A Badminton Centenary10 August, 2016
As most people know, 1977 has seen celebrations of at least two important centenaries in the world.
In March 1877, there took place the first Cricket Test Match between England and Australia, and in July of the same year saw the first Lawn Tennis Championships at Wimbledon.
This year, 1977, there is also a Badminton centenary, for it was some time in 1877 that the first Laws of Badminton were set in print.
This, we learn from S.M. Massey's "Badminton" - published in 1911, the first text book on the game - was the result of a compilation by one Lieutenant H.O. Selby of the (British) Royal Engineers.
It is believed, though it is not certain, that the booklet was printed and distributed in India, probably at Poona where the game is known to have been very popular as a pastime amongst the British residents, both civil and military.
Indeed, it was referred to as "fashionable Badminton".
The Shakesperian quotation on the title page suggests that some form of printed laws of the game had become necessary, for it read "Here's: law and warrant, lady".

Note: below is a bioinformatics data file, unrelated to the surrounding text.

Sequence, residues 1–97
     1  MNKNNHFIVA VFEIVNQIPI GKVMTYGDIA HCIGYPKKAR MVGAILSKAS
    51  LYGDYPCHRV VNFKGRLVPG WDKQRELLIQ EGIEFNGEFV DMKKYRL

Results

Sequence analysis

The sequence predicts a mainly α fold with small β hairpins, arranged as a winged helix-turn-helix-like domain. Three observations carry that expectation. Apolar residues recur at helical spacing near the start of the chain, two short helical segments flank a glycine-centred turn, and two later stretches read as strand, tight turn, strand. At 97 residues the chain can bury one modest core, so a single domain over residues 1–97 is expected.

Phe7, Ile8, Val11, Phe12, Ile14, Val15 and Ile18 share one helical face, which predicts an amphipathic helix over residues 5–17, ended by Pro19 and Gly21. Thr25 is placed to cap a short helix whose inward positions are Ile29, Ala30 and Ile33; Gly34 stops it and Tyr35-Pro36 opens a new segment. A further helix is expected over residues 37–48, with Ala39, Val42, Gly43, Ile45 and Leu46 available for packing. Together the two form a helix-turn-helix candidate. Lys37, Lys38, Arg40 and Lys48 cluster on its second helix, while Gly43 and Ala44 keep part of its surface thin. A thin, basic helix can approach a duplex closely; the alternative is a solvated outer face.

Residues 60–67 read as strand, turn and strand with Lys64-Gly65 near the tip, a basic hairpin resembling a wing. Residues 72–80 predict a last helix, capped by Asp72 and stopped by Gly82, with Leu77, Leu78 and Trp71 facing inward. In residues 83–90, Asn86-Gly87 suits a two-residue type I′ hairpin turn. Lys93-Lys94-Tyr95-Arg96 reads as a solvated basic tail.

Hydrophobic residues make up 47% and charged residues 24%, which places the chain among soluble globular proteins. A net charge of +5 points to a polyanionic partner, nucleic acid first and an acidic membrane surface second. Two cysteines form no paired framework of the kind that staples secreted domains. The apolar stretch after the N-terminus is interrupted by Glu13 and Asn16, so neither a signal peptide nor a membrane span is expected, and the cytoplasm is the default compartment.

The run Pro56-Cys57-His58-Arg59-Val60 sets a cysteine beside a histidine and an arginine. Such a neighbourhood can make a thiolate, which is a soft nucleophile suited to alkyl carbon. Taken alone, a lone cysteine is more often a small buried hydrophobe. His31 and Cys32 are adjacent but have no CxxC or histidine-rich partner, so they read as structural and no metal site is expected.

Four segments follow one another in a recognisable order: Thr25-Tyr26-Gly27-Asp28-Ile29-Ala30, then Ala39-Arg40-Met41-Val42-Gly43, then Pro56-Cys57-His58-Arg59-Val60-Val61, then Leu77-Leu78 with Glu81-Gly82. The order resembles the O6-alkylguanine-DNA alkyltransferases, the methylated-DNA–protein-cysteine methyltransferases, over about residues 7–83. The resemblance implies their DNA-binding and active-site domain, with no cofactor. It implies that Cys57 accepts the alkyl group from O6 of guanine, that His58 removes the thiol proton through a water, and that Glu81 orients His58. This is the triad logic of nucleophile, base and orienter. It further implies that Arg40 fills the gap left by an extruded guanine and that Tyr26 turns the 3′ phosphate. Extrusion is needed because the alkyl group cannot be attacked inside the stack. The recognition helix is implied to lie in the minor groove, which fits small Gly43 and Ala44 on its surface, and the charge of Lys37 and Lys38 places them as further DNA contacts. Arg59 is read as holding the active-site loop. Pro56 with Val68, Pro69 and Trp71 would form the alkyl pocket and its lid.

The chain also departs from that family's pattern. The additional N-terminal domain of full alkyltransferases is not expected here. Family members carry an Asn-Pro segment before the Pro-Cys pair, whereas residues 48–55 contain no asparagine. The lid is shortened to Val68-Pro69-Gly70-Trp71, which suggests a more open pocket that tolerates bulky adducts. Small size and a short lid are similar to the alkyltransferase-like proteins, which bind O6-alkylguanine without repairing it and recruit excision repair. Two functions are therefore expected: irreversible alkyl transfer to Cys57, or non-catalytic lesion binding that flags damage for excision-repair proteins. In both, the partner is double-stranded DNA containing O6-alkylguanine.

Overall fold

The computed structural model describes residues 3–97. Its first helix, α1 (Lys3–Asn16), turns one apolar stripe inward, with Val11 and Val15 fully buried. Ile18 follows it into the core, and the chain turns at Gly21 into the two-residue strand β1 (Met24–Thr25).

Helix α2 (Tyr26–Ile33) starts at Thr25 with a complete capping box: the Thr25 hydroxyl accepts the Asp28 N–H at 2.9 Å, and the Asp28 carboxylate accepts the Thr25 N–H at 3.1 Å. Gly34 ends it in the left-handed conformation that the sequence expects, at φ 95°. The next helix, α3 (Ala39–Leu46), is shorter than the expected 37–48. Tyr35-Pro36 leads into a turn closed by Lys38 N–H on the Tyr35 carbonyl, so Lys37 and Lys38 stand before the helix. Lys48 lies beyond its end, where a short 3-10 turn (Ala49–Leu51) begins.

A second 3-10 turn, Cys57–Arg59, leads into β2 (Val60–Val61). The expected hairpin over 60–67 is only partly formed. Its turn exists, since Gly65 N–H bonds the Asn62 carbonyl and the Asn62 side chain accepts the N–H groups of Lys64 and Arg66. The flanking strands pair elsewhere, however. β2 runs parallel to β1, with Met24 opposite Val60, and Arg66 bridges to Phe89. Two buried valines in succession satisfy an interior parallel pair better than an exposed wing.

Is it conceivable that the ladies of Poona were inclined to take advantage of their status in an effort to absolve themselves from complying with unwritten custom as to the strict details of playing the game?
In the same year another publication appeared in New York where Badminton had also become known.
This was a book published by the sports goods firm of Peck & Snyder, and it rejoiced in the glorified title of "Guide to Shooting with Bow and Arrow also playing Rules of Lawn Tennis and Badminton".
Whether the "rules" were identical with Lieutenant Selby's is not known, but what can be certain is that neither code can have borne much similarity to the present.
For one thing, in those far-off days Badminton was played on whatever size terrain was available, and by three, four and five players a side; doubles was a 'rarity, and singles quite un-thought of.
Has anybody ever seen, or, better still, possess, a copy of either publication?
Quotations from either would be priceless!
-- World Badminton Oct-Nov 1977